Advancing from their wintering range in Argentina, thousands of Swainson’s Hawks have migrated north across South America and are passing through Central America and Mexico, soon to reach the United States (photos by Paul Konrad).
Vast migration flights of Turkey Vultures are underway, some days numbering in the tens of thousands.
Huge migrations of raptors are advancing north out of South America, consisting of Broad-winged Hawks, Swainson’s Hawks, and Swallow-tailed Kites along with much larger concentrations of Turkey Vultures. These raptors are being monitored as they pass through migration count sites in Panama, Costa Rica, and south Texas, and at one location, raptors filed northward totaling more than 50,000 per day last Friday. At Bocas Gavilan Ridge in northwest Panama biologists counted 2,444 Swainson’s Hawks, 1,062 Broad-winged Hawks, 57 Swallow-tailed Kites, 22 Ospreys, and a whopping 46,314 Turkey Vultures – and that wasn’t the highest count total that day!
At Keokodi, Costa Rica, Friday’s count was 71,112, including 3,933 Swainson’s Hawks, 1,026 Broad-winged Hawks, 49 Swallow-tailed Kites, 17 Ospreys, 4 Peregrine Falcons, and no less than 66,067 Turkey Vultures!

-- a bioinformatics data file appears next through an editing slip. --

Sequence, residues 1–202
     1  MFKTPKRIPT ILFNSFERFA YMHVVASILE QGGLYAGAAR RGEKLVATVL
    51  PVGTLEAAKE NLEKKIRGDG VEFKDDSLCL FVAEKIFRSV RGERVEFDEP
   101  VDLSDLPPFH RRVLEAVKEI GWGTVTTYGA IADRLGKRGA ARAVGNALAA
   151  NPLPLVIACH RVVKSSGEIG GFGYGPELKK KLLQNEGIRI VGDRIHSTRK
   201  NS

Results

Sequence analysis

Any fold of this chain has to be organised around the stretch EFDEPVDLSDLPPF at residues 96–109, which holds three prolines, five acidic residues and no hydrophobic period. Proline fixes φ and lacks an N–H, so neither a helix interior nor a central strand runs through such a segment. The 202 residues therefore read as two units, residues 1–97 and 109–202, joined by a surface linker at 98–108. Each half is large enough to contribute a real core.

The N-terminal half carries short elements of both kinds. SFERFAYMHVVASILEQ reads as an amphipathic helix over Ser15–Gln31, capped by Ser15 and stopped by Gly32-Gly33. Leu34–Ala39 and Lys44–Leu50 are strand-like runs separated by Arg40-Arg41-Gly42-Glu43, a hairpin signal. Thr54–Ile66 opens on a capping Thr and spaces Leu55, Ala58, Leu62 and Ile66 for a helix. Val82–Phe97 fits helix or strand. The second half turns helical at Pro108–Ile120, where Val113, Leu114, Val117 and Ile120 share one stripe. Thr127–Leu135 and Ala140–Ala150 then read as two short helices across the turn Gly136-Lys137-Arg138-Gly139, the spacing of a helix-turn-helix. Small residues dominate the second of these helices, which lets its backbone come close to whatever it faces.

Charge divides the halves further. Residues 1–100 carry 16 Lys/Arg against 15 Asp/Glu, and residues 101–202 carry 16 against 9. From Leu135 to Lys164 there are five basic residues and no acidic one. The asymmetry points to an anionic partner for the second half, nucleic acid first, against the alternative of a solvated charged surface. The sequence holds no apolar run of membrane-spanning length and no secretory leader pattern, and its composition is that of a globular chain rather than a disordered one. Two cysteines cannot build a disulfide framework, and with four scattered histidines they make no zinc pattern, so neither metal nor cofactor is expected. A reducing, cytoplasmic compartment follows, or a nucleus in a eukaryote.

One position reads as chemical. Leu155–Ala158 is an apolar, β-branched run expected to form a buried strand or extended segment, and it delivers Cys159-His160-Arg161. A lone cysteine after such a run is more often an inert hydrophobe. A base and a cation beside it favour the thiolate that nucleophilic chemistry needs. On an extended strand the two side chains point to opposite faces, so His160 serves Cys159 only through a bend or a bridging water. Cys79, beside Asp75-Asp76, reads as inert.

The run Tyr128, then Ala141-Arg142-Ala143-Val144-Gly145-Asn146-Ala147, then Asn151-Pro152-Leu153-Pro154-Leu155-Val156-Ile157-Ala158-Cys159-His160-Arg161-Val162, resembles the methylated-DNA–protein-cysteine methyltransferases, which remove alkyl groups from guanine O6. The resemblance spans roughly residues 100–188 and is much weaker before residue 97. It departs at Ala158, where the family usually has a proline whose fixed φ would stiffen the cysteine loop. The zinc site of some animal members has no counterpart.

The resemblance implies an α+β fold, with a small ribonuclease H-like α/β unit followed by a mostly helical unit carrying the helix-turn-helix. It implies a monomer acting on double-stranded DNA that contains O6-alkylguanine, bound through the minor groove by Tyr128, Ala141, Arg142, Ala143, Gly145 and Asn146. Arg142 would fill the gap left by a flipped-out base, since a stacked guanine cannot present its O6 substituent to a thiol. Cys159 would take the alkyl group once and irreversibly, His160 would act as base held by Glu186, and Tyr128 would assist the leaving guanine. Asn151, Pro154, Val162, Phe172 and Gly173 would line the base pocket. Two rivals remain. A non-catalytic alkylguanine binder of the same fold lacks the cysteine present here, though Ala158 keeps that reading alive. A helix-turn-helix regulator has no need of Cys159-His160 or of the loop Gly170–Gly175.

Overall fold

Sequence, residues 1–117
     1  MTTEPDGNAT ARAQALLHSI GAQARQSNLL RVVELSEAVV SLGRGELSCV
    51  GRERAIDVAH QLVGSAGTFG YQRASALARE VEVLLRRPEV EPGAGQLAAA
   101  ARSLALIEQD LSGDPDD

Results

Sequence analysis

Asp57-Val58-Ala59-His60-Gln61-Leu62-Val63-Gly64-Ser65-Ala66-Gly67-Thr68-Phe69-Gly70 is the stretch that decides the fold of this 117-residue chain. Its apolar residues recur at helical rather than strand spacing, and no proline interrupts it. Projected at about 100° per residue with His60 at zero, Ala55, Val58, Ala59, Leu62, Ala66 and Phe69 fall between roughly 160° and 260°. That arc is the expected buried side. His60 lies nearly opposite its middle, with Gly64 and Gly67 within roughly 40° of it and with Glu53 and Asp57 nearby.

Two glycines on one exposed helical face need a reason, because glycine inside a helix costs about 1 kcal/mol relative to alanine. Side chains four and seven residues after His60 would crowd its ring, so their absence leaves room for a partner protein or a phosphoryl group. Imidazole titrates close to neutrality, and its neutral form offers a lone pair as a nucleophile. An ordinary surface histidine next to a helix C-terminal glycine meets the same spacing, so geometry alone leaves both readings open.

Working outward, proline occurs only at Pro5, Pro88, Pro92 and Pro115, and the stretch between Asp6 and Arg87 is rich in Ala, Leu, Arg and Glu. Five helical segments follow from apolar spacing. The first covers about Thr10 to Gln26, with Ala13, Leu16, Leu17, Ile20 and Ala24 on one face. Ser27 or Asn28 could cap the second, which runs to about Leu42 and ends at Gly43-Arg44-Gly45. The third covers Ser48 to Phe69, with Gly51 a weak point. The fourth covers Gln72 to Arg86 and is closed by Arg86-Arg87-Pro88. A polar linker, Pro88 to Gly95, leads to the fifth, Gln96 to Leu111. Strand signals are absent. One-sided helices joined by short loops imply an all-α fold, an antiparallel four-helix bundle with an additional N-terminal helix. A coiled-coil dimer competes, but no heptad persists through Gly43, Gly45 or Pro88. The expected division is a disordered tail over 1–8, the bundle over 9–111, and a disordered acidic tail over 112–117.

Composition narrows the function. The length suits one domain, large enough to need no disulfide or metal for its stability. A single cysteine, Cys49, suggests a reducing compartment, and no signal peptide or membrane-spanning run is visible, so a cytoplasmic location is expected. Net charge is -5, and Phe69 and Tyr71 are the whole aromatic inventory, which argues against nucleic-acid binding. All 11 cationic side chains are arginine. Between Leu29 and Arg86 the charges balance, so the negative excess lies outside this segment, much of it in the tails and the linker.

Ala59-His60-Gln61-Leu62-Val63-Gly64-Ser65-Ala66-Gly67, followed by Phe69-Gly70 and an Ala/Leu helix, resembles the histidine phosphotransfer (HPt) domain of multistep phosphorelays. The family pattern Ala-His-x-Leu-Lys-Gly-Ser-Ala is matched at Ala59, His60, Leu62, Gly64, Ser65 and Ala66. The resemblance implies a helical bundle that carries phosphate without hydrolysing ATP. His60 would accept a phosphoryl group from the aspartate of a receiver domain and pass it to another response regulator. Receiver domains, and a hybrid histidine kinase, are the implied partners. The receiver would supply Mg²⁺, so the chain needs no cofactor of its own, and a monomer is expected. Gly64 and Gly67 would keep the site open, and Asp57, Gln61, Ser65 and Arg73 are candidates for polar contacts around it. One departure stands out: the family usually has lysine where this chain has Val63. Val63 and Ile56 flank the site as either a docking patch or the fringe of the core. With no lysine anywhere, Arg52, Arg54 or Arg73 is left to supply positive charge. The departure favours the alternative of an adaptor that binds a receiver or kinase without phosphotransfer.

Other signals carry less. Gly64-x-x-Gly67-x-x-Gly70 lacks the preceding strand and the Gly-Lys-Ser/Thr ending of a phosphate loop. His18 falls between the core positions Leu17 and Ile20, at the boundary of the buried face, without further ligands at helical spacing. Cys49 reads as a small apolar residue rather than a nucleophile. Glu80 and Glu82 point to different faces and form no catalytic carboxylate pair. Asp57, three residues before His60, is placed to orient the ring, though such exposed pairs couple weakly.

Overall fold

Some migration flights are even reaching across the Rio Grande in south Texas, where hawk counters at Bentsen Rio Grande Valley State Park tallied 1,113 birds, including 885 Turkey Vultures, 200 Black Vultures, 3 Ospreys, 4 Broad-winged Hawks, and an early Swainson’s Hawk. And far north of the Mexican border, in New York state at Derby Hill Bird Observatory, 101 Turkey Vultures were counted Friday, along with 2 Bald Eagles, 7 Red-tailed Hawks, and a Merlin.
Many other raptor counting sites have initiated spring counts in Panama, Costa Rica, and the United States, with others to follow soon in Mexico and Canada. To check out the daily and monthly tallies reported on the Hawk Migration Association of North America’s (HMANA) Raptor Migration Database, see HawkCount
You can easily review daily reports by clicking on the name of the count site, and you can check monthly totals for raptor species at any of the reporting raptor watch sites by clicking on “Monthly” in the box on the left side of each page. For example, you can view daily totals during the month of March for the Bocas Gavilan Ridge in northwest Panama at HawkCount